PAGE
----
Some folks told Henry Ford he was a lunatic. Others thought Thomas Edison had lost his marbles. Inventors who challenge the norms are often ridiculed, so when many snowmobilers looked at the Wesll Inc. front end design at the Novi, Michigan, Snowmobile USA Show in last weekend and shook their heads, inventor Wes Melcher didn’t flinch.
“A lot of people have come over and taken a long look, then they run their hand along the bottom of the ski and walk away saying, ‘That will never work,’” said Melcher.
The design engineer from Arizona unveiled new snowmobile designs in Michigan that he said could forever change the way snowmobiles handle, in powder and on the trail.
The system relies on a high-tech electronic and hydraulic system that takes feedback from a control box located on the top of the steering post, right under the handlebars, to dramatically tilt and extend the front suspension of the snowmobile, using more hydraulics and unique linkages. The system causes the sled to lean and dive into corners by up to a 35 degree angle and offers 24 inches of suspension travel, he said.
What’s more, the Wesll system uses 5-foot long carbon fiber skis that have titanium edges running down both sides – there are no carbide runners or, for that matter, even any keel on the tabletop-flat skis. Instead, the skis tilt at dramatic angles when the front suspension dives, and the edge of the ski carves – like a downhill skier uses the edges of his or her skis to turn.
“You can’t think of this in terms of snowmobiles,” Melcher said of his design. “You’ve got to think motorcycles; you’ve got to think skis.”
The key, according to Melcher, is the lean of the vehicle, and the fact that it overcomes the physics that normally cause a three- or four-wheeled vehicle to lean to the outside of a turn. “You’ve got to accept an incoming load and not transfer it to the center of the vehicle,” he explained in a followup phone conversation.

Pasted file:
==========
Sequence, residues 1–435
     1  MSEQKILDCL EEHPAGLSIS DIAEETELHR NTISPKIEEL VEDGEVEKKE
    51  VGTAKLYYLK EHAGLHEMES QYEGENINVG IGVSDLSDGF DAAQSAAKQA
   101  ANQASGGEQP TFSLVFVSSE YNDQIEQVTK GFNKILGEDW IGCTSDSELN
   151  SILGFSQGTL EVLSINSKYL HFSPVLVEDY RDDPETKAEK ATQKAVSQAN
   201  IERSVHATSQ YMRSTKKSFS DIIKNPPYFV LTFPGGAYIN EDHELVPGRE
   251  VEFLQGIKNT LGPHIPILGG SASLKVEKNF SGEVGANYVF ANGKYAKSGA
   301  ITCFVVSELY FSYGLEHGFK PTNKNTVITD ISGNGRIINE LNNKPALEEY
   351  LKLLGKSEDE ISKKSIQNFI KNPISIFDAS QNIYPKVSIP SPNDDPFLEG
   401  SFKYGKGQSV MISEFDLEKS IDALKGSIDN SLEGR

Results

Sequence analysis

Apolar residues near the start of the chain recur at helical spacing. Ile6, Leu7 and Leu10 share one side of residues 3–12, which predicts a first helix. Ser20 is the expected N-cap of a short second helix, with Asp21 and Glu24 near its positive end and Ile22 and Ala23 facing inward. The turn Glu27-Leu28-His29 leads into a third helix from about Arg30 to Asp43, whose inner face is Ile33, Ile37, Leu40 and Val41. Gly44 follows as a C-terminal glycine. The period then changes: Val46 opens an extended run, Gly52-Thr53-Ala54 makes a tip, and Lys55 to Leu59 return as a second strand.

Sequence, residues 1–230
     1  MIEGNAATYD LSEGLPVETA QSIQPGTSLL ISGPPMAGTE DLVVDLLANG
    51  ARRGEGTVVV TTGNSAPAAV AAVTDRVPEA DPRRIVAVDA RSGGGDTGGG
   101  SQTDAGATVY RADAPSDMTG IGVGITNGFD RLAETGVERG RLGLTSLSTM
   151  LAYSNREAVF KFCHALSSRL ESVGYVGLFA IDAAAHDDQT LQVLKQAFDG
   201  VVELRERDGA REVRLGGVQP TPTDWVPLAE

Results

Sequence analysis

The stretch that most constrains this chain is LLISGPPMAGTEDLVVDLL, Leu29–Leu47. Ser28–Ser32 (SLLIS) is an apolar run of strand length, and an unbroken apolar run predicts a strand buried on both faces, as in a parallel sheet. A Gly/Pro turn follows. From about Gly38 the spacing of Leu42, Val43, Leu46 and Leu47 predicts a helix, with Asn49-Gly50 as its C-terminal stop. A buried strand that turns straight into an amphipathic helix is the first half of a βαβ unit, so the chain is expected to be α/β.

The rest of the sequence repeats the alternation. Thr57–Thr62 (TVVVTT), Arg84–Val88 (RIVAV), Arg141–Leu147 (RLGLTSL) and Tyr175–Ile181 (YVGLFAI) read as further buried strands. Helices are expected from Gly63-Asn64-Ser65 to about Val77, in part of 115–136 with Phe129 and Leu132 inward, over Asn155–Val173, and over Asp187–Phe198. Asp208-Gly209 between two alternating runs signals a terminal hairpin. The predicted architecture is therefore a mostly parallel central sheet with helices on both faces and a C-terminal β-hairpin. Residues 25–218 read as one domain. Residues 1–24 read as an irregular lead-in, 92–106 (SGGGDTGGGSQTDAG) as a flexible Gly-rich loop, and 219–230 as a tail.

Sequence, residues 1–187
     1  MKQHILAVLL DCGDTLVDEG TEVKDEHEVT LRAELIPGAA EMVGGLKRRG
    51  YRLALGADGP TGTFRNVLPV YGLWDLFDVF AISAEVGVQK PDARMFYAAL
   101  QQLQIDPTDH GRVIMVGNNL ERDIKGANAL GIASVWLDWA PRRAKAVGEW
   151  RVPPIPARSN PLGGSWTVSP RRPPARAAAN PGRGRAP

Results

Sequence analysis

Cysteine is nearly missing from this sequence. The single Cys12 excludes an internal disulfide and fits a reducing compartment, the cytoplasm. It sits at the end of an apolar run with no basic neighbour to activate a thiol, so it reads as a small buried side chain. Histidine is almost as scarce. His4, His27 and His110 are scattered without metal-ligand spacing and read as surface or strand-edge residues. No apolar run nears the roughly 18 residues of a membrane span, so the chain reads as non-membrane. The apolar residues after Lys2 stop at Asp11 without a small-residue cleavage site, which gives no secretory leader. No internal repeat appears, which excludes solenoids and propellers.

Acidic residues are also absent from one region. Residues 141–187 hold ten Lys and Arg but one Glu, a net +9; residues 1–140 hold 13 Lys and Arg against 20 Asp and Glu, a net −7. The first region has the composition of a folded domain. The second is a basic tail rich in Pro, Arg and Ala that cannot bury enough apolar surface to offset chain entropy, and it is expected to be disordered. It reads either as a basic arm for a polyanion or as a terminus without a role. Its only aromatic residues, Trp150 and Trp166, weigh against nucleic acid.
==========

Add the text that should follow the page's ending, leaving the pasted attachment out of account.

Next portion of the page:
Obviously very proud of his design, Melcher claimed that “these no scenario in which this system doesn’t work better than the designs that are out there now” meaning hard trails, soft trails, backcountry riding, sidehilling, jumping and landing, etc. He had previously designed an ATV with a leaning system – click here to see the video of that vehicle in action – but has now turned his attention to the snow market.
Even though he was showing the design at a consumer snowmobile show, the inventor says he has no intentions of building and marketing the product as an aftermarket product, or of designing his own line of snowmobiles. Instead, Melcher is trying to catch the eyes of the snowmobile manufacturers to buy and implement his ideas. Ultimately, he doesn’t want to sell it to one snowmobile factory but rather license it to all four.
The design frankly left us with more questions than answers. Melcher said he’ll let the snowmobile media and snowmobile manufacturer officials test his design this winter. Watch snowgoer.com – if we get to take a pull, we’ll tell you about it there.